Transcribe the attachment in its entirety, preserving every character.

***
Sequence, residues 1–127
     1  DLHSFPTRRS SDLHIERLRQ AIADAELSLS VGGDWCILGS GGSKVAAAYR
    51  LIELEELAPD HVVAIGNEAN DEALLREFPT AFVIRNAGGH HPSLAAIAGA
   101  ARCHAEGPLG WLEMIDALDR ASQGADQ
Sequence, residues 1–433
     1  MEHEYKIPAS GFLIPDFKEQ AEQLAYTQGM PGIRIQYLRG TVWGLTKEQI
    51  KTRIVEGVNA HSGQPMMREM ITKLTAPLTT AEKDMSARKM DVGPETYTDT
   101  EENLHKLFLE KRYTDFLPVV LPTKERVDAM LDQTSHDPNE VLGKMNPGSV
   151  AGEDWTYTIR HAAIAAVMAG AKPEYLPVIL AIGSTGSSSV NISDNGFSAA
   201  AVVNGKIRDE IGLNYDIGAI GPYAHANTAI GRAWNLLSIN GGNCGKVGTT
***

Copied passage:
Sequence, residues 1–127
     1  DLHSFPTRRS SDLHIERLRQ AIADAELSLS VGGDWCILGS GGSKVAAAYR
    51  LIELEELAPD HVVAIGNEAN DEALLREFPT AFVIRNAGGH HPSLAAIAGA
   101  ARCHAEGPLG WLEMIDALDR ASQGADQ
Sequence, residues 1–433
     1  MEHEYKIPAS GFLIPDFKEQ AEQLAYTQGM PGIRIQYLRG TVWGLTKEQI
    51  KTRIVEGVNA HSGQPMMREM ITKLTAPLTT AEKDMSARKM DVGPETYTDT
   101  EENLHKLFLE KRYTDFLPVV LPTKERVDAM LDQTSHDPNE VLGKMNPGSV
   151  AGEDWTYTIR HAAIAAVMAG AKPEYLPVIL AIGSTGSSSV NISDNGFSAA
   201  AVVNGKIRDE IGLNYDIGAI GPYAHANTAI GRAWNLLSIN GGNCGKVGTT